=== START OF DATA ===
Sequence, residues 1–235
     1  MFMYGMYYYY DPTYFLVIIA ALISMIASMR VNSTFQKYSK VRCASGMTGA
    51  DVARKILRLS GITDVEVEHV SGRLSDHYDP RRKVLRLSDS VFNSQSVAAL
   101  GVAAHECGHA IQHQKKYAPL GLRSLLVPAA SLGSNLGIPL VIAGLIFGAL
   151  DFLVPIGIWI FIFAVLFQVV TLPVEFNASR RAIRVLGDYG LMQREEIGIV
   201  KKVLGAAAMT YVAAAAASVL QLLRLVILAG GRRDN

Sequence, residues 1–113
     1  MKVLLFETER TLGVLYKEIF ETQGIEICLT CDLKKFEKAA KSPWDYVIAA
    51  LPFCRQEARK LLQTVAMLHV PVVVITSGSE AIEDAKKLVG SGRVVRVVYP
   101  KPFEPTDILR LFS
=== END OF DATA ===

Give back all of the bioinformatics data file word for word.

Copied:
Sequence, residues 1–235
     1  MFMYGMYYYY DPTYFLVIIA ALISMIASMR VNSTFQKYSK VRCASGMTGA
    51  DVARKILRLS GITDVEVEHV SGRLSDHYDP RRKVLRLSDS VFNSQSVAAL
   101  GVAAHECGHA IQHQKKYAPL GLRSLLVPAA SLGSNLGIPL VIAGLIFGAL
   151  DFLVPIGIWI FIFAVLFQVV TLPVEFNASR RAIRVLGDYG LMQREEIGIV
   201  KKVLGAAAMT YVAAAAASVL QLLRLVILAG GRRDN

Sequence, residues 1–113
     1  MKVLLFETER TLGVLYKEIF ETQGIEICLT CDLKKFEKAA KSPWDYVIAA
    51  LPFCRQEARK LLQTVAMLHV PVVVITSGSE AIEDAKKLVG SGRVVRVVYP
   101  KPFEPTDILR LFS